Sometimes a fightback is not a mix of thrilling counter-punches and exuberant attacking. Sometimes it is quiet men showing resolve, understated discipline and resilience. Yesterday England were truly thankful that two lesser regarded players showed all those admirable qualities in abundance.
Nick Compton, a player that had been summarily dropped in 2013 after nine matches in which he averaged 34 and James Taylor, the diminutive scamperer, rescued England with a superb fourth wicket partnership of 125.
They stonewalled, sprinted, let pass by and attacked judiciously and in doing so demonstrated the exact mental strength that make successful Test match batsmen.
They came together with England in trouble at 49 for 3. When Taylor was dismissed in the last minutes of the day as bad light curtailed play England were in the match on 174 but whether they remain so depends on Compton, Ben Stokes, Jonny Bairstow and Moeen Ali. These players need to bat another 50 overs and get the score above 300 and preferably in excess of 350.
To do so will mean thwarting Dale Steyn. He was superb from the very start and showed why he is considered the premier fast bowler in the world.
He pitched up, mixed conventional seam positions with scrambled seams and constantly demanded the batsman to play. He is not a bouncer bowler who destroys. Instead, like a street magician he picks batsman’s pockets with skill and swiftness.
He was given the luxury of his captain, Hashim Amla, winning the toss and bowling. It was a typical, sultry, humid Durban day but with more cloud than usual. In short a perfect day for seam and swing bowling. The pitch itself was a little greasy, which considering the rain around which did occasionally interrupt the day was not surprising, although it did lack a little pace.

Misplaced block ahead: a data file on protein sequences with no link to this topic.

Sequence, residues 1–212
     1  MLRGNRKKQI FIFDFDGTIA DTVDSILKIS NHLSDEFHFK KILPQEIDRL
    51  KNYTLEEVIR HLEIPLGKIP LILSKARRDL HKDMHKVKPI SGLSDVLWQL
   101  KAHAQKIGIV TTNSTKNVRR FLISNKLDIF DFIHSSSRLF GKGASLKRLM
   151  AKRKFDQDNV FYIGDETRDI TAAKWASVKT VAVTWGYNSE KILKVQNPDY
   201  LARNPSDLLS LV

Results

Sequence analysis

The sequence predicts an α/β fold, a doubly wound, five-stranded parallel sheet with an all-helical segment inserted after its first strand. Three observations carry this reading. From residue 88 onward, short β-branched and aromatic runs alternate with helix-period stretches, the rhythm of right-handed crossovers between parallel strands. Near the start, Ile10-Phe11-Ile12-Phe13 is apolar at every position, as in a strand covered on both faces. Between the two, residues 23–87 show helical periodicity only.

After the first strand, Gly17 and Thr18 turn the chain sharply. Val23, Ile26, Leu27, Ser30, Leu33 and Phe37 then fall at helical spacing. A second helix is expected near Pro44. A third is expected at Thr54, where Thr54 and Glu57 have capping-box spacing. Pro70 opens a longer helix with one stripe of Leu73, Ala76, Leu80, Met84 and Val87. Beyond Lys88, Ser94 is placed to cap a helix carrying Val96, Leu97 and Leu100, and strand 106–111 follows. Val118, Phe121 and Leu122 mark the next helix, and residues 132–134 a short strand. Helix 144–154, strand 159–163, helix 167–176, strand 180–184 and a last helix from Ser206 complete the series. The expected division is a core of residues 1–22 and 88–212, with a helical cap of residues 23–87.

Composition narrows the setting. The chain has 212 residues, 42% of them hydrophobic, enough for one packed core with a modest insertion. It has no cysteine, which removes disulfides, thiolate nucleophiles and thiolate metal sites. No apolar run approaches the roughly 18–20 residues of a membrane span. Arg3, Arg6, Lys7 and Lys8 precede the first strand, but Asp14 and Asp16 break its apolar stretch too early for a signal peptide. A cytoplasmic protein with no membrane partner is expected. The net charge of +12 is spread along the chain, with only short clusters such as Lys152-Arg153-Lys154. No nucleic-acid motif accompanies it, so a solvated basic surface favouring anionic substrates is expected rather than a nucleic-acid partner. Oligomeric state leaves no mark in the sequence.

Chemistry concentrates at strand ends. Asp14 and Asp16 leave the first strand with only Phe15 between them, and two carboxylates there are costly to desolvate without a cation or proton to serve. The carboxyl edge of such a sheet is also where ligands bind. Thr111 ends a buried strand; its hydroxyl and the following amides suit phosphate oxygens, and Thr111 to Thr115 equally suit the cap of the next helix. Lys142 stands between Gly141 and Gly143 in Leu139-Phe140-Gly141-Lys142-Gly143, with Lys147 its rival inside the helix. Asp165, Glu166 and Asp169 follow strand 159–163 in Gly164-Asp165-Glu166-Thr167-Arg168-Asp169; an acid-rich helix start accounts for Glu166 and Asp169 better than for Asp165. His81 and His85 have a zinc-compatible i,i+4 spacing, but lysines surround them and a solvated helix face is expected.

Steyn did for Alastair Cook early, the England captain just following one and edging behind and then he was allowed a good rest by rain. Poor old Alex Hales was doing well in the opening overs but after the rain break had to basically open the innings again and edged a drive behind. Steyn was bowling beautifully but his old mucker, Morne Morkel and Kyle Abbott were a little less penetrative and threatening.
Annoyingly for England Joe Root was lbw to the off spin of Dane Piedt. He had looked good for 24 and on a seamer’s day it is frustrating to lose a top order batsman to a lesser spinner.
This is why the Compton and Taylor partnership was so important. For the past 12 to 18 months England have relied on Cook and Root for the bulk of their runs. With both gone cheaply and everything favouring the bowling side the innings could have collapsed and the match been lost. They are a curious mix but complement each other. Compton is happy defending. He has a good understanding of his game and is not a dominator of bowlers. He accumulates and trusts his technique and knows if he bats time he will have a score. Taylor is much busier as befits a man of 5ft 6ins.
Quick on his feet he attacked the short ball well and ran singles that many others would not consider. The beauty of him is he does that for both batters. It was noticeable how alert Compton was for singles which is an unheralded but highly effective tactic for putting pressure back on bowlers. They love nothing more than a long sequence of deliveries at the same batter and as the pressure builds on the player a rash shot is more likely.
Shane Warne states that three of four maidens brings a wicket. Quick runners like Taylor help prevent that. When he prods a ball in the leg side and sets off he resembles a meerkat under attack. Similarly when he knows he is running to the danger end he calls his partner through and a run is stolen. It was a shame he was dismissed moments from the close of play but he was undone by Steyn, just reward for a day’s hard work by the seamer.
These three – Steyn, Compton and Taylor – excelled on a hard day. The team that dominates tomorrow will be in good position to win this match. It is all to play for.